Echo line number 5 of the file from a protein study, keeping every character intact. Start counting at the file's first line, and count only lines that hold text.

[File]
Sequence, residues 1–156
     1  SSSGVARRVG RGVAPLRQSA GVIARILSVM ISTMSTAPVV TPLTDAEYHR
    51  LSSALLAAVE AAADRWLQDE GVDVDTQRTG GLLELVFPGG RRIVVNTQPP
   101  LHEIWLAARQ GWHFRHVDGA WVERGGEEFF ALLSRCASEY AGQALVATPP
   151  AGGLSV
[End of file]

   151  AGGLSV